No-vember: This new term is all over social media, and moms everywhere are embracing it in real life, with good reason. It describes the act of saying no to protect your physical, emotional and spiritual energy this month—a reserve all parents will need once the holidays hit.
Saying no to things that don’t serve you, or your family, can be the most powerful thing in the world, because it frees you to say yes to things that do. From 7 meetings with Santa for the kids, to helming every event at school, not everything has to get the go-ahead. Here are 20 things to consider turning down—but you’ll know your own No-vember boundaries best.
Trying to Be Joanna Gaines Meets Mrs. Claus
Lights outside, décor inside…it can be magical but also exhausting. This is a classic case of being a “good enough” mom. Need to get an artificial tree so you don’t lose your mind with watering? Great. Want to hang a wreath or two but aren’t up for getting on the roof, Chevy Chase style, to hang 100,000 twinkling lights? Rest assured that Rudolph will light the night.
Making the Whole Meal from Scratch
This is your holiday season, too. If you don’t want to cook the entire Thanksgiving dinner, ask well in advance for a few guests to bring a dish – they’ll be happy to help. Not up for cooking at all? Order in and support a local small business. The point of the holiday is being together – and that means you enjoying the day, too.
Arranging Multiple Meetings with Santa
When Gen X and Millennial parents were growing up, Santa arrived from the North Pole on Christmas Eve – no exceptions. If you’re burnt out from 9 Halloween trunk or treats or pumpkin decorating parties, you don’t have to catch Santa every single time he appears within a 50 mile vicinity of your home.
Filling Up Your Dance Card
For introverts especially, the constant holiday parties between Thanksgiving and the beginning of January can feel like a serious energy drain. People understand that it’s a busy time. If you do go? An early exit is perfectly acceptable.
Constantly Helping Out At Your Child’s School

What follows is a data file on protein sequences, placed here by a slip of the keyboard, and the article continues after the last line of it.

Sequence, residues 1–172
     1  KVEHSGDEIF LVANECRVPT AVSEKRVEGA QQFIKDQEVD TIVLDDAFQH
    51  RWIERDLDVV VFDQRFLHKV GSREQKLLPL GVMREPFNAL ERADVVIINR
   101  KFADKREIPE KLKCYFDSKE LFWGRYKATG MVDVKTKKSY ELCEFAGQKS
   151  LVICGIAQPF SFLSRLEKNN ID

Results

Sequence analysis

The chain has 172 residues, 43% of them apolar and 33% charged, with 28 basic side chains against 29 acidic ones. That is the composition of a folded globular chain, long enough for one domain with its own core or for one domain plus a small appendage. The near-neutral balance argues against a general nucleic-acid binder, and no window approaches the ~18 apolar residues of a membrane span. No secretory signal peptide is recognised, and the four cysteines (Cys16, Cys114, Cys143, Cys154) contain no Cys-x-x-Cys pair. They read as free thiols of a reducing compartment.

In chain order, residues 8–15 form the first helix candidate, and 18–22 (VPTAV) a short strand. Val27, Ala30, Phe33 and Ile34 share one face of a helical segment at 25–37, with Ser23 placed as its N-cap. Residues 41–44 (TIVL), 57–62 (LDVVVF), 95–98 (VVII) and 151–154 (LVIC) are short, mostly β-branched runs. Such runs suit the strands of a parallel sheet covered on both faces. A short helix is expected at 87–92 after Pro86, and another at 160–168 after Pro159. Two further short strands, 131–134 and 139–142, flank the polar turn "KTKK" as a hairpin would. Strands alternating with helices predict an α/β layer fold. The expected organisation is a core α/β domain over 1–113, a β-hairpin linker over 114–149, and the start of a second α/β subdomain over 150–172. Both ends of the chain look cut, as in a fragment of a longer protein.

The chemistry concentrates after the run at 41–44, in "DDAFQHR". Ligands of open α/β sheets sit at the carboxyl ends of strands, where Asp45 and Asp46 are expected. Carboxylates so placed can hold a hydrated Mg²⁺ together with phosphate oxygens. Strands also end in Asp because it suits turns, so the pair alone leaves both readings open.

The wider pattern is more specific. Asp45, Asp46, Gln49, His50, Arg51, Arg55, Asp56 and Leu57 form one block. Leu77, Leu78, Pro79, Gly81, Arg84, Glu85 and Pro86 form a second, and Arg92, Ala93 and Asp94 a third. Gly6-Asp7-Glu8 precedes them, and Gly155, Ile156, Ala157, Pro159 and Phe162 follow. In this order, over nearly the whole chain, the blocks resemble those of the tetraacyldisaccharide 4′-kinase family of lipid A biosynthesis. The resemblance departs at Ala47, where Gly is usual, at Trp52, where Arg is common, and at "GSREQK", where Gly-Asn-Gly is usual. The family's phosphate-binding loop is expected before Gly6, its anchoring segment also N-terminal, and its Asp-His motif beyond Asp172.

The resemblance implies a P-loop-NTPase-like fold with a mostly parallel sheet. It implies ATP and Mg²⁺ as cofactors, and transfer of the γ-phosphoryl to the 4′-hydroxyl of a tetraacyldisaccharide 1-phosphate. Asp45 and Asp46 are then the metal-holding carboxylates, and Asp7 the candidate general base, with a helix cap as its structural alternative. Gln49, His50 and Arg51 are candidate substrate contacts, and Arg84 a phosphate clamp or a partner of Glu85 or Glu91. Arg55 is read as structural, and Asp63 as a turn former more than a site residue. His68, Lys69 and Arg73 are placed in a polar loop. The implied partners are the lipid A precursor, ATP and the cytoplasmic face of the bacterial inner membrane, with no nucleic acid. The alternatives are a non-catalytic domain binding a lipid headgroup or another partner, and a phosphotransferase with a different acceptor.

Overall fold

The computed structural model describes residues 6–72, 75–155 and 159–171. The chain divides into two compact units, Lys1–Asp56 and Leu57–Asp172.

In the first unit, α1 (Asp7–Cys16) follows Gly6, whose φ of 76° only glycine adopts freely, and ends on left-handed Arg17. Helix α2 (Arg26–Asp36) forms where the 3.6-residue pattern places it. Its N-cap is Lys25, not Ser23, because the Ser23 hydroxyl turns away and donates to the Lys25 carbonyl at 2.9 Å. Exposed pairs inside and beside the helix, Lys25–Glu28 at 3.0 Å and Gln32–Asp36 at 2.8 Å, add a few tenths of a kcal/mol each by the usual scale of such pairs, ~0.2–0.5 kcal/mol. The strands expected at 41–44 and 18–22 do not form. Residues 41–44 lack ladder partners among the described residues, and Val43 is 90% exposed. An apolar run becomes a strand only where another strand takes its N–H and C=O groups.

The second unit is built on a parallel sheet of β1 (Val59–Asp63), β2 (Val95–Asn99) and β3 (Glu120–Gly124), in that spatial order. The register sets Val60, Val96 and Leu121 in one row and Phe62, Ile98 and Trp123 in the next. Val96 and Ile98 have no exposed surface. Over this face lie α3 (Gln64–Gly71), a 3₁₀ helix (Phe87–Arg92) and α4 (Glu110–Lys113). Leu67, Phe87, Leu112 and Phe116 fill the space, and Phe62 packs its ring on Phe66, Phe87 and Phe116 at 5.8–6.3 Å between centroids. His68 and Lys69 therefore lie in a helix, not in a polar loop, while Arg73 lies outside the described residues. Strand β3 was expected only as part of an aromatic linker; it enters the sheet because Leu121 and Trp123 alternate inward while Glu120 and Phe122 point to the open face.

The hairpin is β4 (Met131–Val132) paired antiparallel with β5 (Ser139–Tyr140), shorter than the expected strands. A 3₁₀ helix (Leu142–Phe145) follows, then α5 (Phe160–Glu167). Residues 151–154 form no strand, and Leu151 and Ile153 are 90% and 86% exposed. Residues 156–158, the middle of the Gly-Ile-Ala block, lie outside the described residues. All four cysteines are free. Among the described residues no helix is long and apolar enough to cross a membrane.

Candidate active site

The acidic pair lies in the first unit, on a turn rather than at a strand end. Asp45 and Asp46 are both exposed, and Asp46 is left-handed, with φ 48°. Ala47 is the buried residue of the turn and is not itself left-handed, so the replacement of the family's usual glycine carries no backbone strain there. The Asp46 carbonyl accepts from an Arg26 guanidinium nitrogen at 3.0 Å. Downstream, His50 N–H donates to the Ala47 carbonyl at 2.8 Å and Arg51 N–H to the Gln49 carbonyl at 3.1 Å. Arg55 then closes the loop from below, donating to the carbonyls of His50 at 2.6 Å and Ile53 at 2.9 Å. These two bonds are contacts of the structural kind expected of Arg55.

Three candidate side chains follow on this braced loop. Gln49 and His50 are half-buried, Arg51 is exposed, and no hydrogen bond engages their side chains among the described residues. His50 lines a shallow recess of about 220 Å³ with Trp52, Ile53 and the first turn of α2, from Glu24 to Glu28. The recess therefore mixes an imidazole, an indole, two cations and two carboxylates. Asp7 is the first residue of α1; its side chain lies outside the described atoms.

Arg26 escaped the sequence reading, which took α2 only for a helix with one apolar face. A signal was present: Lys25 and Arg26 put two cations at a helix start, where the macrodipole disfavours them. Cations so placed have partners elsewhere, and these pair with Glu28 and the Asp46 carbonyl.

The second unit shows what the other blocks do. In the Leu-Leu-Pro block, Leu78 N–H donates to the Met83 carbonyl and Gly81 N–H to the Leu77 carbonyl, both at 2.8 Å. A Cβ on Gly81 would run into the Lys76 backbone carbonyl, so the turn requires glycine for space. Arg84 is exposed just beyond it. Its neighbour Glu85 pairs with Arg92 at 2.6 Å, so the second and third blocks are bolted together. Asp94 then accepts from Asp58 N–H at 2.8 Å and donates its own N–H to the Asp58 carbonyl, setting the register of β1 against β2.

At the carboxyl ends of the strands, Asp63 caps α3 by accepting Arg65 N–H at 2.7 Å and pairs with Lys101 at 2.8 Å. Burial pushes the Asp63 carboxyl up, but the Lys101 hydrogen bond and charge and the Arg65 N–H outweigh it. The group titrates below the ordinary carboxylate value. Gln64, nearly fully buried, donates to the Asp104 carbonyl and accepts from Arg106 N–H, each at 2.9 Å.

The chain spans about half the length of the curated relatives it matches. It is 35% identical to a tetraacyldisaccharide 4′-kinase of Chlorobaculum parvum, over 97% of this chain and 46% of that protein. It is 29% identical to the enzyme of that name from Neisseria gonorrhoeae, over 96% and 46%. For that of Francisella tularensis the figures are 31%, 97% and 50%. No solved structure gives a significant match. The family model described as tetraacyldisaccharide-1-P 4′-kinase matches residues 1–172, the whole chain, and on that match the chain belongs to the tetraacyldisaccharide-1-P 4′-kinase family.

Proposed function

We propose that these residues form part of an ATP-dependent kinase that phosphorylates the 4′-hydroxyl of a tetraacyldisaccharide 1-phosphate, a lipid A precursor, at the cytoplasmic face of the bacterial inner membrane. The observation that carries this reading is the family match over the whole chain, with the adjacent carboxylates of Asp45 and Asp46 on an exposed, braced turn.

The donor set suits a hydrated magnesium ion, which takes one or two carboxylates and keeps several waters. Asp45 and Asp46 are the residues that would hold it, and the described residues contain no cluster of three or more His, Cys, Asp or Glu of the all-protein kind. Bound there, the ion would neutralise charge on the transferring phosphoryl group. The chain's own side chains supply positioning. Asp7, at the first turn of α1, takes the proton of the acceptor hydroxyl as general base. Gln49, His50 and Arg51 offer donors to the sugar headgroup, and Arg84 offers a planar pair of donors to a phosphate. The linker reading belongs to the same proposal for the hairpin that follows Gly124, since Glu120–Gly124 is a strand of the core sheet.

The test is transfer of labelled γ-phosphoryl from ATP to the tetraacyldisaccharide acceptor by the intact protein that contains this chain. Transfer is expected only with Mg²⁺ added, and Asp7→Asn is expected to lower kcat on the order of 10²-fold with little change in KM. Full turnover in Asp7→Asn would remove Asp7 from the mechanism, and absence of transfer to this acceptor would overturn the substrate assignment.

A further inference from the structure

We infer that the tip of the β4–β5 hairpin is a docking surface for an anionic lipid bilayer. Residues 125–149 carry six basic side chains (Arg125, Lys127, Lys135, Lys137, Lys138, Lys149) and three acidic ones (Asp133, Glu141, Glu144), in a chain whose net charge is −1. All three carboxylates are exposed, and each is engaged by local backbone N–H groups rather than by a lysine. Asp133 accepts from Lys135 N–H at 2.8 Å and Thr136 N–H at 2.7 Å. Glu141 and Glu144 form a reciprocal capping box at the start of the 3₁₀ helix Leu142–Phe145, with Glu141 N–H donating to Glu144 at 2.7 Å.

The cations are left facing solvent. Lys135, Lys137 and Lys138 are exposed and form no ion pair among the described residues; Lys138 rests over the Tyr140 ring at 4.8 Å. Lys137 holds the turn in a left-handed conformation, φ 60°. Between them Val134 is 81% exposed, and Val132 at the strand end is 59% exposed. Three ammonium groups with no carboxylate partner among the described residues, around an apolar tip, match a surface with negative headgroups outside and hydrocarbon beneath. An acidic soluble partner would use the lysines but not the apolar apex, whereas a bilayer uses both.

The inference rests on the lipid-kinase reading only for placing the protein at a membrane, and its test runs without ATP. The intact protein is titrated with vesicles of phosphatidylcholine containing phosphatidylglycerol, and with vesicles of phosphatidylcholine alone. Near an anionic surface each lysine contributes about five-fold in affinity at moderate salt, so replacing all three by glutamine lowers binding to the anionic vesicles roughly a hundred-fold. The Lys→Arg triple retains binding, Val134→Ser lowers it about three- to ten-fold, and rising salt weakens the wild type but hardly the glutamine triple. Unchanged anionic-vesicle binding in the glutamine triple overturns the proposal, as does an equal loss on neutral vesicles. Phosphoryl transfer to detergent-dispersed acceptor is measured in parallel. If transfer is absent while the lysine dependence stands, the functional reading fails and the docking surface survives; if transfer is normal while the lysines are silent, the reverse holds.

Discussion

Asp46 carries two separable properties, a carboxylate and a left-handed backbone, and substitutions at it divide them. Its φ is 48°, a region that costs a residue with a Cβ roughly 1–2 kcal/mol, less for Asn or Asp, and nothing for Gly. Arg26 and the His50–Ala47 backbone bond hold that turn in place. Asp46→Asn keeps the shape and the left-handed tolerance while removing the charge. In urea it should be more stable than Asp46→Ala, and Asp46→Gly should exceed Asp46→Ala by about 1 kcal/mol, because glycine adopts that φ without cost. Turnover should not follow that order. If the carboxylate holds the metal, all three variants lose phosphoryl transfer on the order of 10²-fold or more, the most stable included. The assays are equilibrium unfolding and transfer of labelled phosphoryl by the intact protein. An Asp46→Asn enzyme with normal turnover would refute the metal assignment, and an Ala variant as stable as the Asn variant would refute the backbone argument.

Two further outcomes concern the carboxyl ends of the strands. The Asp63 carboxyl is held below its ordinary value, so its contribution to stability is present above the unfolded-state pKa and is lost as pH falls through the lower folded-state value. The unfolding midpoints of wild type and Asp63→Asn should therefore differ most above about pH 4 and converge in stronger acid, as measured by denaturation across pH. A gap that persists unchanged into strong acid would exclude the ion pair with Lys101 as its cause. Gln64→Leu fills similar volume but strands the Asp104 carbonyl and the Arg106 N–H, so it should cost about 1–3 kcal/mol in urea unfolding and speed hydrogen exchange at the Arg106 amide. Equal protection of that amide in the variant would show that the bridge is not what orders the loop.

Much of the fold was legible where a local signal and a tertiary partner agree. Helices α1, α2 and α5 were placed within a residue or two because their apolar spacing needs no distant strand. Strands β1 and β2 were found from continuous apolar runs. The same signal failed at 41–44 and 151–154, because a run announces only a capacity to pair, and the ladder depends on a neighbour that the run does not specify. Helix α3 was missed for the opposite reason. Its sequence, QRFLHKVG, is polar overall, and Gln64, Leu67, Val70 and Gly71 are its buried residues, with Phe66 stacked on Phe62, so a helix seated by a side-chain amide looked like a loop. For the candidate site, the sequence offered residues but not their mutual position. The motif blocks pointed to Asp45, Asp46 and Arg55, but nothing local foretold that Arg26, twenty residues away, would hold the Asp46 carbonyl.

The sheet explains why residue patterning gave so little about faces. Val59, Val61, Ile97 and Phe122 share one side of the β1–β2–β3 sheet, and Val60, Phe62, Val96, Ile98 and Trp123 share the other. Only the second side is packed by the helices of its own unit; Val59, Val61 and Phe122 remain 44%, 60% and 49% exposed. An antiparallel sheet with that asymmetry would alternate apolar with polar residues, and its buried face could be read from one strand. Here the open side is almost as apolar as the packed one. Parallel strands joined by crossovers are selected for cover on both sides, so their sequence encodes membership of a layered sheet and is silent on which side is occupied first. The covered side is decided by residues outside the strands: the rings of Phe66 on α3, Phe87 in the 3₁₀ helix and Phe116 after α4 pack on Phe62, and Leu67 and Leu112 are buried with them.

The parents association (aka the PTA or PA) is going to ask you to help—over, and over, and over. That’s because they need help…and some parents never raise their hand. But that doesn’t mean you have to pick up the slack and host cookie decorating, gingerbread house making, organizing group teacher gifts and the class craft.
Traveling Far for the Holidays
If there is a good reason to travel to someone’s home over the holiday season – your family loves the trip, the people you’re visiting are unable to travel due to age or illness, etc. — by all means, book the tickets, pack your bags and brave the crowds at the airport. But obligation doesn’t mean an automatic annual yes.
Choosing the Perfect Present
From teachers to your garbage man, you might feel the pressure to buy the perfect gift for each amazing person who has helped you this year. If you love doing it, by all means, get the personalized, thoughtful gift. But if you’re tight on time, cash (or a gift card) is king.
Baking Up a Storm
Making holiday cookies by hand is a lovely tradition – and a huge mess. If you like baking (and your kids do), it’s a home run. If you hate baking, and don’t have the time or energy for it, pick up some slice and bake treats from the refrigerated section – they’re just as good and even come in holiday patterns.
Hosting The Elf
Maybe the Elf visits you. Maybe you have other traditions. Trust us when we say your child’s holiday season will be magical in any way you make it so. If you love hosting the little guy, amazing. But if it’s stressful for you, it’s not worth it for anyone—and that goes for everything on this list.